Concerto No. 1 ?'a Shifting Trek'?

for Piano and Orchestra

Sydney Hodkinson

Duration: 00:32:00
Publisher: Merion Music, Inc.
Print Status: Rental

Quick Overview

This composition was commissioned in 1996 by the Institute of American Music of the University of Rochester?s Eastman School of Music as part of Eastman?s 75th Anniversary celebrations.

While the historical Fast - Slow - Fast Sonata design of the traditional concerto form is present in this piece, the poetic idea was one of continual renewal, the gestures and material expanding and contracting seemingly according to their own innate will, not one imposed from without by the force of a concretized structure. The sequences evolve into a sort-of-Sonata-Form. For example the exposition gets no further than the outset of a ?development? before losing its way on the shifting musical journey; hence the subtitle?s allusion. Growth within the piece is largely by accretion: the juxtaposition and manipulation of large ?slabs? and small ?shards? of sonic gestures.

Following a lengthy introduction, wherein the pianist ?tests out,? as it were, the essence of the movements to come, the first Allegro presents some of these alternating ?chunks? ? some quite brief ? which culminate in a series of reiterated G minor chords, as if the soloist wishes to end the movement. The orchestra initially objects to this closure and, although it reluctantly acquiesces, it leaves the musical dialogue unrequited: ?full payment? has to wait a while longer.

The second movement commences immediately with a cantabile aria built up from the resonances of the first section. Its form is simple: a 16-note melodic line, habitually repeated ? almost passacaglia-like ? and colored with differing harmonic treatments. The climax of the orchestra comes too early to please the soloist, however, and only after the latter?s own high-point ? the first cadenza ? does the accompaniment subside into the D-flat major it has been long seeking. This section, written in memory of two deceased Rochester friends, pianists Wallace Gray and Barbara Koeng, leads directly into movement III.

Although the final Allegro dons the raiment of a separate ?perpetual-motion? movement, it is actually wearing very familiar clothes: ?blocks? from Movement I recur, often with faster tempos and radically altered ordering, which perhaps may avenge the earlier lack of fulfillment. Much arguing ensues: a traditional feature of concerto style. These arguments work up considerable frenzy and lead into the soloist?s second Cadenza ? now accompanied ? which drives the concerto to a vociferous B-flat minor close. The tonal center of each movement (I B-flat and G, II D-flat, III E & B-flat) proceed largely by minor thirds which are borne from the initial melodic chains of the Intrada. My principal intent was to fashion a work for a dear friend of lucid line and clear structure, bound together in an aesthetically pleasing design.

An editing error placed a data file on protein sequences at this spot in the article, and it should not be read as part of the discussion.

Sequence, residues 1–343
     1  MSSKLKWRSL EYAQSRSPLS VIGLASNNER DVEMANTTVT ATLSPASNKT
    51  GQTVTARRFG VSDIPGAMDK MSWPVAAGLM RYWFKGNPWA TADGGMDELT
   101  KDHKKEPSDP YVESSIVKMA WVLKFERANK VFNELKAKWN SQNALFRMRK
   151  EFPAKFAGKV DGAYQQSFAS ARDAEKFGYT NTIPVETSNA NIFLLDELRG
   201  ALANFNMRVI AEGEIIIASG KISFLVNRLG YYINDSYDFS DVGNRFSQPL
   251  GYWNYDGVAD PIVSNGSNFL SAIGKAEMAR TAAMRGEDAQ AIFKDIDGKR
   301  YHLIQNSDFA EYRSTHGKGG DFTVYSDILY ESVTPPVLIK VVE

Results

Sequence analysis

"Concerto No. 1" is roughly 32 minutes in duration, the bulk of it composed in Fairport, NY, in late 1997. Further work was done in Durham, NC, and Ormond-by-the-Sea, FL, with the orchestration completed in April of 2004. The score is dedicated to the American pianist Barry Snyder, who kindly offered me much friendly keyboard advice during its embryonic stages. Mr. Snyder gave the first performances in Rochester, NY, during the 2005-06 season.

Additional Information

Commission Commissioned by the Institute of American Music of the Eastman School of Music of the University of Rochester for the School's 75th Anniversary.
Composition Date 1997, orch. 2004
Orchestration Solo Pno.; 2(2.Picc.) 2(dbl. E.H.) 2(dbl.E-flatCl.) 2(dbl.Cbsn.) - 4 3 3(B.Tbn.) 1; Timp. 4Perc. Cel. Str.(min.
Premiere February 25th 2007. Barry Snyder, Piano, Eastman Philharmonia, conducted by Bradley Lubman, Rochester, NY.


Intrada: Con grandezza: quasi senza misura
I. Allegro energico, impetuoso
II. Arioso Ricorrente: sospeso, marcato
III. Allegro, vivace (Played without pause)

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